Example of a literature review on interracial dating
(I don’t think I know any of those couples, but hey, they’re probably out there.) I wanted race to be present in Rose and Caleb’s relationship—to be the catalyst for and the subject of some complicated, sometimes uncomfortable conversations between them.I wanted their racial identities to be what they are for most of us: pieces of who they are that do indeed affect their experiences of the world.But the furious reaction to a story that Newsweek published this week about the popular dating show “The Bachelorette” has certainly proved otherwise.In a short piece filed Tuesday, Newsweek staff reporter Janice Williams used the start of the ABC program’s 13th season to remark on how the long-running show’s casting of a black woman in the title role was a milestone for African-American women.That Rose and Caleb are a mixed-race couple isn’t an accident. But I wanted to write a different kind of book—one that featured an interracial relationship in a context where it’s totally NBD that the two main characters aren’t the same race. Over the years, I’ve dated white guys, black guys, Asian guys, mixed guys—okay, let’s not delve too much into my dating history, but long story short: in the cities where I’ve lived (New York, London, Boston), dating across racial lines is nothing unusual.Case in point, the emergence of large populations of Afro-Arabs in the Arab World and mulattoes in the New World historically came about in the context of the Arab and Transatlantic slave trades, respectively, which resulted in impregnation of black women.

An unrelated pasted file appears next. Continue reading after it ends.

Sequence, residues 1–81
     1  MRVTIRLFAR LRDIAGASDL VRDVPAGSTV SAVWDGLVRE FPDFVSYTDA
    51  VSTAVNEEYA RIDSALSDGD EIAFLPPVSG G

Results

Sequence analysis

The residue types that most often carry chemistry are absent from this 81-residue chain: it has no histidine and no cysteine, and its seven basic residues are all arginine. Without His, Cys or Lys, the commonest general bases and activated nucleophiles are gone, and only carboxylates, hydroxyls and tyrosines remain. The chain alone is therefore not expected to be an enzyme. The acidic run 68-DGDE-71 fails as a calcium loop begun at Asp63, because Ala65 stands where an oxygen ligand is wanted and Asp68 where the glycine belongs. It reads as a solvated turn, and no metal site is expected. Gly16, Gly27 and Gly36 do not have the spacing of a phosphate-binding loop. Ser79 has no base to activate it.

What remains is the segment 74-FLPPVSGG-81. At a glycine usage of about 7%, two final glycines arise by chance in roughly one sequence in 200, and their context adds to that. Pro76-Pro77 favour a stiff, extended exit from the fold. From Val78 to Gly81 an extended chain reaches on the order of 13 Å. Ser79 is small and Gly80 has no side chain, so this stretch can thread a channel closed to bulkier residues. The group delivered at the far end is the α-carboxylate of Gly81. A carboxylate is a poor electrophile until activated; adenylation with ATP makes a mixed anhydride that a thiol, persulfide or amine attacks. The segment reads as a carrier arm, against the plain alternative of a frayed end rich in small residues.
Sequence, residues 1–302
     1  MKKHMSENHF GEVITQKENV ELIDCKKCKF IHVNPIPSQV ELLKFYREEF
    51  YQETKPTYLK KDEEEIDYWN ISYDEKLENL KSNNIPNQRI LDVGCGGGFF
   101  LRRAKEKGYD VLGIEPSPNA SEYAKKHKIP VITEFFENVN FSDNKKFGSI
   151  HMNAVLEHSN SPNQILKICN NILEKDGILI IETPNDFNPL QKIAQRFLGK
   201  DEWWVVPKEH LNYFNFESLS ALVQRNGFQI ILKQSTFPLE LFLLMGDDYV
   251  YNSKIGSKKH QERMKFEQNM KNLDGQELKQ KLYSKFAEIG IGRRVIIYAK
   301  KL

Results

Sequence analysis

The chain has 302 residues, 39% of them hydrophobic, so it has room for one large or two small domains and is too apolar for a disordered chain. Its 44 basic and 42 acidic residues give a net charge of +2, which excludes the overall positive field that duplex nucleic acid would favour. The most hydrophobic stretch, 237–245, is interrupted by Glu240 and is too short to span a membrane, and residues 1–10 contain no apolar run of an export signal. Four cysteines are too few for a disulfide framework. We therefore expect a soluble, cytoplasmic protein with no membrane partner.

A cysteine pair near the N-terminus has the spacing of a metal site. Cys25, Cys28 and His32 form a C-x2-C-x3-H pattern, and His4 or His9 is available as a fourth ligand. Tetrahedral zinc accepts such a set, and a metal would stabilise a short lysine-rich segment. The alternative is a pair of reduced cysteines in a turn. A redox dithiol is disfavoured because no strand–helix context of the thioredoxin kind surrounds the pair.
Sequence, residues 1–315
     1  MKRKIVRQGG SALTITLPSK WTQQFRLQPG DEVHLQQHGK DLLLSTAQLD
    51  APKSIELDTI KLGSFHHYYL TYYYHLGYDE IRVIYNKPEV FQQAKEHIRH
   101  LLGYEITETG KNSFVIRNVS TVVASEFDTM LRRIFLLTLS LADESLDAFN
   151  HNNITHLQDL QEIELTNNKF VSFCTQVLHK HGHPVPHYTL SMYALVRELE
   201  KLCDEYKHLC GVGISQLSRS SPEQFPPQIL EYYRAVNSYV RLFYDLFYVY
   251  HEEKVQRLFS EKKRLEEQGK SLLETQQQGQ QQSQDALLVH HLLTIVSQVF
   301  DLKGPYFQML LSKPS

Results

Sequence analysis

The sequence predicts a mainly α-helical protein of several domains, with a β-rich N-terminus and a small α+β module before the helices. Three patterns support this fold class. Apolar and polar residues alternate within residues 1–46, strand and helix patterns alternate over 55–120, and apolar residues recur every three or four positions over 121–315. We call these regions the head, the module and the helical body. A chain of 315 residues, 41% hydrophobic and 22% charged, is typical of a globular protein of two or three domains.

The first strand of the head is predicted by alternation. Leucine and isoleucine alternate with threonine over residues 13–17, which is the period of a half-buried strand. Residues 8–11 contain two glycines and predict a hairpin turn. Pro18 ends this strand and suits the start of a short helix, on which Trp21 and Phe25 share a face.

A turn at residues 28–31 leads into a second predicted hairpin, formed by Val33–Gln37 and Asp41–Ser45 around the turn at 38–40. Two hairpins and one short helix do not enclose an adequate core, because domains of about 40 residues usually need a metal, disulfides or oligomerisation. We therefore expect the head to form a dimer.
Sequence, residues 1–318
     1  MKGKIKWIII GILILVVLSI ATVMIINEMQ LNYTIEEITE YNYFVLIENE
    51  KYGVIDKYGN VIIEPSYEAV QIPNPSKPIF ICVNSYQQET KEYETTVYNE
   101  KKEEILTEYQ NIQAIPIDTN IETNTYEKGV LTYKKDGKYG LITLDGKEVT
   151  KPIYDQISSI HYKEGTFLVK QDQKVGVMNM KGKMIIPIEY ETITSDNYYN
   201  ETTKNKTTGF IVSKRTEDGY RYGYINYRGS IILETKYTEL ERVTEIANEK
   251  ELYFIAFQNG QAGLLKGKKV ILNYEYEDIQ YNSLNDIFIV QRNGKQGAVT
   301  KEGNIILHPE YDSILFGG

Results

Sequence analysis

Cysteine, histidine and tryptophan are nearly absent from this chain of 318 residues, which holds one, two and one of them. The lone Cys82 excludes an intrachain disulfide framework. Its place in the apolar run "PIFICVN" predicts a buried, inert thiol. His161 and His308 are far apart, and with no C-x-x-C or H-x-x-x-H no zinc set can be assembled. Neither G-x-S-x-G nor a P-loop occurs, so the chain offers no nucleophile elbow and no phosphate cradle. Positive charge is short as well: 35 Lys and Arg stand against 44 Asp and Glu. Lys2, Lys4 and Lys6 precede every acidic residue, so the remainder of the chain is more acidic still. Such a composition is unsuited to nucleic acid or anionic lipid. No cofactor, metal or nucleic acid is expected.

This is not an indication of a security issue such as a virus or attack.
the older US euphemism children of the plantation).
Many jurisdictions have had regulations banning or restricting not just interracial marriage but also interracial sexual relations, including Germany during the Nazi period, South Africa under apartheid, and many states in the United States prior to a 1967 Supreme Court decision.
Williams also argued that the casting of Rachel Lindsay was noteworthy because the “Bachelorette” star is among a relatively small group of black women who are dating outside their own race.
Citing data from a 2015 study by the Pew Research Center, Williams noted that black women are significantly less likely to marry a person of another race than are black men.